A brainstorming session is one of the best ways to answer the “what”, “why”, and “how” questions from the early stages of a project. To facilitate a successful brainstorming, we need:


  • At this point we don’t know what will work, so the more ideas generated, the better. Without criticism or judgement of any kind, pool together all ideas and welcome more until the allocated time is exhausted.
  • Write all ideas onto a whiteboard, so all in the group can see. Number them, so that afterwards the ideas can be discussed, and not the contributors. Numbering also serves as a score for your group’s creativity.
  • When selecting ideas, first combine them as much as possible. Then each group member votes by making a list of the numbers of the ideas s/he thinks are important or should be discussed further, up to 1/3 of the pool total. Count the votes and eliminate ideas with 2 or less votes. Then vote again, until only a few ideas remain. Discuss any that require further elaboration.

Drafting a proposal

draftingAfter the storm, drafting a proposal is the next step. As a document derived from the brainstorming session, the proposal should include details of the date, project title, names of the members involved, and a brief description, and also ask and answer several questions:

  • What do you want to accomplish by doing this project?
  • What should your audience be able to do, or what benefit is there for your audience?
  • Who is your audience?
  • What is the topic area you will be presenting/discussing?
  • What approach will you use?

Not to be forgotten, the proposal should also suggest a premiere date. Each team member must be formally assigned to their role(s) so that everyone knows their responsibilities, accountability, and authority. Producer, director, writer, art director, and technical director, are just a few examples of roles required on a multimedia project.

Journaling and project documentation

Along the way, this process is vital to several areas of the project. They are:

  • For keeping track of activities and accomplishments
  • Faults and encountered problems
  • Technical writing (future instruction manual, etcetera…)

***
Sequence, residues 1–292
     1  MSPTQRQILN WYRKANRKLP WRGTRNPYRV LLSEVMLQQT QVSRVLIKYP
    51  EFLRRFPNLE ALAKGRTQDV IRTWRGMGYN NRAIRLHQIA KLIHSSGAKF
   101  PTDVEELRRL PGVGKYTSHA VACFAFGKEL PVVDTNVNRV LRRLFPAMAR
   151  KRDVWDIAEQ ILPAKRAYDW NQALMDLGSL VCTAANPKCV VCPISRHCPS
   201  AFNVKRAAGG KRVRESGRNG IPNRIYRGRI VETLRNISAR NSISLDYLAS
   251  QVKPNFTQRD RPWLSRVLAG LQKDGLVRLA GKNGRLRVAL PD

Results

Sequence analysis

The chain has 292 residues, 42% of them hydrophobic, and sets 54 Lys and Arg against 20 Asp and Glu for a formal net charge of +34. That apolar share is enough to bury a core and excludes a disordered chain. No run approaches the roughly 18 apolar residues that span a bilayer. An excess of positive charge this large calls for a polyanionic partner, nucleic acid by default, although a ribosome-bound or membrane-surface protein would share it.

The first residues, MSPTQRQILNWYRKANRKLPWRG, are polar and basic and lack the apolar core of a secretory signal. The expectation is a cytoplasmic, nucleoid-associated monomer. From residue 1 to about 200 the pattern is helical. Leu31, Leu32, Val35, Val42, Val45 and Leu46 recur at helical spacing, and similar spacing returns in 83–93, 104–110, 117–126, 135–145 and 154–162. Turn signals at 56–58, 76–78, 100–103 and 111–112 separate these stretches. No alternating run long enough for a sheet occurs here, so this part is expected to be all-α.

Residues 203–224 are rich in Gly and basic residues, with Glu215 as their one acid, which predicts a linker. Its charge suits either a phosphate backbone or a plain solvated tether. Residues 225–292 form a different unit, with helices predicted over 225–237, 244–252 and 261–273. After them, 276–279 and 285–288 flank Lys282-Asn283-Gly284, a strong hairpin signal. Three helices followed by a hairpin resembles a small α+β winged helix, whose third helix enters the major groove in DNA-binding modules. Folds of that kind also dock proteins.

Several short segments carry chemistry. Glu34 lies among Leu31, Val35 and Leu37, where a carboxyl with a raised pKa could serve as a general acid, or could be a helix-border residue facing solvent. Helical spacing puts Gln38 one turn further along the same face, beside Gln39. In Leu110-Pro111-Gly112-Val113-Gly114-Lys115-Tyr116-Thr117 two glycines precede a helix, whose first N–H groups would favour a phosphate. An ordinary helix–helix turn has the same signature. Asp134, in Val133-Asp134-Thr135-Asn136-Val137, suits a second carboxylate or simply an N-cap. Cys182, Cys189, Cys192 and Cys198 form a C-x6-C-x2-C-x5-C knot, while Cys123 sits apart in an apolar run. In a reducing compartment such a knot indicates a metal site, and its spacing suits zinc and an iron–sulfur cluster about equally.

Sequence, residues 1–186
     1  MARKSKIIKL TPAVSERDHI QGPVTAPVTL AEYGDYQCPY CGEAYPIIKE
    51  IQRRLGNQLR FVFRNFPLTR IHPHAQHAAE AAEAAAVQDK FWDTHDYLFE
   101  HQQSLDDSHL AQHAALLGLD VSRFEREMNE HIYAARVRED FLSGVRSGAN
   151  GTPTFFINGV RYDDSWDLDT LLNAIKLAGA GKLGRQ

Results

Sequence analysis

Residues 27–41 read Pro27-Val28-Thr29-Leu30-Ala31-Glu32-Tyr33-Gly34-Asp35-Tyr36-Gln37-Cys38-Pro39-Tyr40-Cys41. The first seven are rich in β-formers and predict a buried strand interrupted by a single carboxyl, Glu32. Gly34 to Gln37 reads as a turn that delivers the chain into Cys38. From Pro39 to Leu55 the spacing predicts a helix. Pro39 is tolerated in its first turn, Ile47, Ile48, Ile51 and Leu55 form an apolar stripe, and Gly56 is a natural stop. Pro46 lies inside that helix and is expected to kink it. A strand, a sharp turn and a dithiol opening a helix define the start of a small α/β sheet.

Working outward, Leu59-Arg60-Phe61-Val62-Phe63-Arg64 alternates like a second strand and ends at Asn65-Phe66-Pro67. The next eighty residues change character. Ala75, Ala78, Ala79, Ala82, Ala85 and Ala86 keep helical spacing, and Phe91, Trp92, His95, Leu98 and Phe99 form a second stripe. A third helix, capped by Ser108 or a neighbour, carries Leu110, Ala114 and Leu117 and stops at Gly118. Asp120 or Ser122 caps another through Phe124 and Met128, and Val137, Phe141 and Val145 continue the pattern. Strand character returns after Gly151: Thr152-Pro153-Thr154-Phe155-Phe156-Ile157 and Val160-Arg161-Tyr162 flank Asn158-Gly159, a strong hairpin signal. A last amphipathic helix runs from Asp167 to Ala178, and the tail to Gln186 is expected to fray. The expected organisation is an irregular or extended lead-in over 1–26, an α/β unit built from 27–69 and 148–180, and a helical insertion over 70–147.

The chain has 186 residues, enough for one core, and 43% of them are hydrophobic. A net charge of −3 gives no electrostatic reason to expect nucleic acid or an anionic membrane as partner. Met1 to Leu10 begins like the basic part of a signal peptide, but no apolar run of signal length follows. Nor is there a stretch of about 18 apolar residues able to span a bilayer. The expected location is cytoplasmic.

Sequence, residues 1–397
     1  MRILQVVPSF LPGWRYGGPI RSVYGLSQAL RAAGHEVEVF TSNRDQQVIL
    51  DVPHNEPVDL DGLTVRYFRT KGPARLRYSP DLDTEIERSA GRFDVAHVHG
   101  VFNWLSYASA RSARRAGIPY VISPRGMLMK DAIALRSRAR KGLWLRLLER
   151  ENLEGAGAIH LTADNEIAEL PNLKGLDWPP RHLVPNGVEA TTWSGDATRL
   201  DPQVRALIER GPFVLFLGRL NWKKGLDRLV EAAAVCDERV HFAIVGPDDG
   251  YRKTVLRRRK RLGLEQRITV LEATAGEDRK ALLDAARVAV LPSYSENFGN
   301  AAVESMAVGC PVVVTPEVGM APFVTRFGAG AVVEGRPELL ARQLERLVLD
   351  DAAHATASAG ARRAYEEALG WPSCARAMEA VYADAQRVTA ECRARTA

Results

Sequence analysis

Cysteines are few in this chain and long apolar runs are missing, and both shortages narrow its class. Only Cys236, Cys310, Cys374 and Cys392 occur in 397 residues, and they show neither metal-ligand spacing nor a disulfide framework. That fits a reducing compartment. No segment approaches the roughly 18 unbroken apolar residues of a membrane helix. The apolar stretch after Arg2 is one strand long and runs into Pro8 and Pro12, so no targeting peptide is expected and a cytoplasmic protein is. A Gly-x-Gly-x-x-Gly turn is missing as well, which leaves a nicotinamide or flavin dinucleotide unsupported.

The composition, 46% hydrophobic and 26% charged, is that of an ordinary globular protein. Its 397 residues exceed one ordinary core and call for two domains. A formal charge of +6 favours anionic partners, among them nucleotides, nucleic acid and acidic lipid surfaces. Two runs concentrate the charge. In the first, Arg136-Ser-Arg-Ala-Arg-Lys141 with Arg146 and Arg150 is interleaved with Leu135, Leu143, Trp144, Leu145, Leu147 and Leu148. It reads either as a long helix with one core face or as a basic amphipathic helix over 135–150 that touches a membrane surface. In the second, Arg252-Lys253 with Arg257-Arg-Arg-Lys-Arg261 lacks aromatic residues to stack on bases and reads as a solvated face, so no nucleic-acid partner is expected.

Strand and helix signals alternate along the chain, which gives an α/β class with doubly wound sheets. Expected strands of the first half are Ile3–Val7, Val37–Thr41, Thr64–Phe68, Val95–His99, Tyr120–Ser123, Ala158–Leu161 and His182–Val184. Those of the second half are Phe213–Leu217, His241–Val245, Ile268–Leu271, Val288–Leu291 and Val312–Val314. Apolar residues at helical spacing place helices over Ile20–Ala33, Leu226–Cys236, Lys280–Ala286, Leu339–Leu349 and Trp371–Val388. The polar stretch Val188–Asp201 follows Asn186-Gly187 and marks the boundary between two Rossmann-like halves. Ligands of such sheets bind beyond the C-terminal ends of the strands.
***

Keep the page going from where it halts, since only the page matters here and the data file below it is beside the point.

• Expenditure
  • For press releases


On paper, the flow of the production, and sketches for how the production will look, need to be drawn up. Through this process we begin to identify the required resources. The process includes drafting flowcharts, storyboards, production schedules and production expenses.


basic flowchart symbolsA completed flowchart organizes the topics, strategies, treatments, and options into a plan from which we can work out the details of what each screen, page, frame, or shot will look like. It is a working map of the final product, i.e. it will probably change many times as the team works through all the details of the product. Good flowcharts begin and end with an oval, they show what comes next in the sequence, what your user will do (if anything) and what will happen when they’ve done that. Circle place markers can also be used to indicate the page you need to follow the path. From Studio 1151, we have the 5-point production flowchart checklist:

__ All major elements of the project are indicated.
__ The elements are clearly labeled.
__ Sequence of elements is clear and there are no gaps or dead ends.
__ Sequence of elements is logical from user’s point of view.
__ Flowchart symbols are used correctly.


The purpose of storyboards is threefold. First, so that the development studio has a clear picture of what will be happening throughout the program and what it will look like. Second, as the storyboards detail everything from graphics, video, sound, text, user interaction, color, font faces, sizes, and etcetera, crew members involved in production need them to do their jobs. Third, they are useful for presenting the project to the client and getting feedback.

As for flowcharts above, Studio 1151 has a storyboard template and a checklist for storyboards:
storyboard example

__ There is a storyboard for each page, screen, or frame.
__ Each storyboard is numbered.
__ All relevant details (color, graphics 2D & 3D, video, sound, font, interactivity, visuals, etc. are indicated).